Saturday, December 02, 2017

On the different lords-and-ladies

One of the most striking plants in late autumn and winter is Italian lords-and-ladies (Arum italicum) whose leaves appear in October or November whereas the commoner lords-and-ladies or cuckoopint (Arum maculatum) do not appear from the ground until late winter, January of February.

In our garden we have two subspecies of A. italicum: subsp. italicum and subsp. neglectum.  The latter plant is a native from West Sussex westwards, usually close to the coast, while the nominate subspecies is a garden plant that has escaped into the wild quite widely.  It has very distinctive leaves marked with white along the veins (sometimes described with the longer name Arum italicum subsp. italicum 'Marmoratum') whereas the veins in subsp. neglectum are far less of obvious.

The native species does not grow wild in our area so far as I know but A. italicum italicum occurs in a number of woods and hedges locally (some may be hybrids between the two subspecies).  Some of these are a long way from the nearest gardens and may be bird sown.  The plant depicted below appeared of its own accord on the shady side of a hedge in our garden and is steadily increasing in extent.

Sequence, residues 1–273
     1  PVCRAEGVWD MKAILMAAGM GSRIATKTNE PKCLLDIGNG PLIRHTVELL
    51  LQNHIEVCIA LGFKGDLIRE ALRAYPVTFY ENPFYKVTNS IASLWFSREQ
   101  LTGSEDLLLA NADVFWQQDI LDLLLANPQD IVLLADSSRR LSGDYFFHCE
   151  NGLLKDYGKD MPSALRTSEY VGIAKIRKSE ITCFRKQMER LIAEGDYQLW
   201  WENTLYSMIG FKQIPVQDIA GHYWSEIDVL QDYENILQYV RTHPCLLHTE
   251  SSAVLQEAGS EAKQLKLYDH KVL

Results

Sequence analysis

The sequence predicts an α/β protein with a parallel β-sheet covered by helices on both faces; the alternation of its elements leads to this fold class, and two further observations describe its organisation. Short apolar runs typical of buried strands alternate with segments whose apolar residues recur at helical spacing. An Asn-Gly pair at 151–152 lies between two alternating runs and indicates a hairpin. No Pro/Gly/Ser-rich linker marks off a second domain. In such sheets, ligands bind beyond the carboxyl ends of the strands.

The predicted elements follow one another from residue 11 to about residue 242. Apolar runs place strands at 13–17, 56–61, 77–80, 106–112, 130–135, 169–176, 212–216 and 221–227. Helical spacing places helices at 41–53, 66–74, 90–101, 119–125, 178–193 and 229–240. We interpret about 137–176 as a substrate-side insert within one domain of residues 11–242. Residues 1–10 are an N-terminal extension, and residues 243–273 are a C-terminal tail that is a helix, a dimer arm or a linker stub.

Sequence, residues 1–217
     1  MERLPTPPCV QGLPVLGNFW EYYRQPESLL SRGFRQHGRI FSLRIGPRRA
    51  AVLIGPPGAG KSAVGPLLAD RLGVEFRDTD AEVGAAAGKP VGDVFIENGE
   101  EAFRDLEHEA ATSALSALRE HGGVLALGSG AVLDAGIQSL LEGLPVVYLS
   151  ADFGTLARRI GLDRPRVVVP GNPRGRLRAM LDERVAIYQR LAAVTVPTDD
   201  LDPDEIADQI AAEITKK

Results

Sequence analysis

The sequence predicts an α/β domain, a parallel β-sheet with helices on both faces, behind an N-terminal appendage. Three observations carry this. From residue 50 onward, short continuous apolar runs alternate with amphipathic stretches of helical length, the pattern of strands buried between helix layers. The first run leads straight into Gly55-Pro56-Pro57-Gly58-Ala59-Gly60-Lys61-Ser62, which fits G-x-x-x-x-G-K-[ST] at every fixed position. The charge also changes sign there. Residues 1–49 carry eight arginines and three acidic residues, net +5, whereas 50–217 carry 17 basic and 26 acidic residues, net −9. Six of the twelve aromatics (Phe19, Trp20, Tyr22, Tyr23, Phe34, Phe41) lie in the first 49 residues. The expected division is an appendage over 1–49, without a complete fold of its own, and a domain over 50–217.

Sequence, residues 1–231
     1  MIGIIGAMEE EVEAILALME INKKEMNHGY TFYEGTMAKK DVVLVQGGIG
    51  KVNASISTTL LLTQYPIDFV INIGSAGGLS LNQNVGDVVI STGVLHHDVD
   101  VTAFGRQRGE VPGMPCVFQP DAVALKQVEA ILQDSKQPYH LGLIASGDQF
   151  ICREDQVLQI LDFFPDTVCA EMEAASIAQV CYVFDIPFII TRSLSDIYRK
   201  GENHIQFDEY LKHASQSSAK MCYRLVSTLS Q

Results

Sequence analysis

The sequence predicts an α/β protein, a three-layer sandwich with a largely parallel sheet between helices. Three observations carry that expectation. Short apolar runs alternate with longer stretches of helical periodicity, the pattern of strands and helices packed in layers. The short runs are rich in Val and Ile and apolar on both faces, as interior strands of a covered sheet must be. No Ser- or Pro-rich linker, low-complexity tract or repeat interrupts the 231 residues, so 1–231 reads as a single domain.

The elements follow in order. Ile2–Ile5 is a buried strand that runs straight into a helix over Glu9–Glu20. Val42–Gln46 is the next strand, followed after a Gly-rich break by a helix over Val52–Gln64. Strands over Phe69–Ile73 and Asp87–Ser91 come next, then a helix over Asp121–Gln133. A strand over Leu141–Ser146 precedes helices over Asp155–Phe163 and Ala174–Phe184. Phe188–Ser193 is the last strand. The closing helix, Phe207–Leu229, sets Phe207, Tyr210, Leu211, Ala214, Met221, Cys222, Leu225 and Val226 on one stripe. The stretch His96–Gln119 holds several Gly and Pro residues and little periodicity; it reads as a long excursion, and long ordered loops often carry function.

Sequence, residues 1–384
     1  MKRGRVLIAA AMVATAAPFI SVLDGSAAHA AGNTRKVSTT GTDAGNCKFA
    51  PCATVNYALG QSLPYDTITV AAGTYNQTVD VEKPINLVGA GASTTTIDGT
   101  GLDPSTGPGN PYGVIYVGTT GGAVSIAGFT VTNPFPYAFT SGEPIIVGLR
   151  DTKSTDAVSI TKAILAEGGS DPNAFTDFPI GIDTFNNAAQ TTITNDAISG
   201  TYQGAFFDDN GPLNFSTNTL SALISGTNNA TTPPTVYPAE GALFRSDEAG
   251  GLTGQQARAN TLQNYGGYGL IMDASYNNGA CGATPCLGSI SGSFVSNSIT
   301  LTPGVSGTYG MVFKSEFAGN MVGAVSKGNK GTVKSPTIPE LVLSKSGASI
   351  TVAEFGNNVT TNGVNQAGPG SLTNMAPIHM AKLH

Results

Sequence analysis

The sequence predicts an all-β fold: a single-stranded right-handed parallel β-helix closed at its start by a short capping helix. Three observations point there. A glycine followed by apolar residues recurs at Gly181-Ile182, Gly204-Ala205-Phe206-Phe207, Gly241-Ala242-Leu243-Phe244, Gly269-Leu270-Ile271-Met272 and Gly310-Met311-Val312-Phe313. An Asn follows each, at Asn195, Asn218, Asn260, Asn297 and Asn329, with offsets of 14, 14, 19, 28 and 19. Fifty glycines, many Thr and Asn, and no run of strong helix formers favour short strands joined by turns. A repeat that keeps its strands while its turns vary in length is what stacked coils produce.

The second picture is of native subsp. neglectum and the third of common lords-and-ladies photographed in February in an earlier year.  The italicum were photographed earlier today and the leaves have been up for some weeks.

Refreshing my data on lords-and-ladies sent me to the bookshelf for Cecil Prime's wonderful monograph, largely on the British Arum species.  It covers not only the biology, ecology and distribution of the plants but includes fascinating information on its economic uses, folklore and vernacular etymology.  A masterly study -do get a copy: Prime, C. T.  (1960 and 1981)  Lords and Ladies. Collins New Naturalist series.

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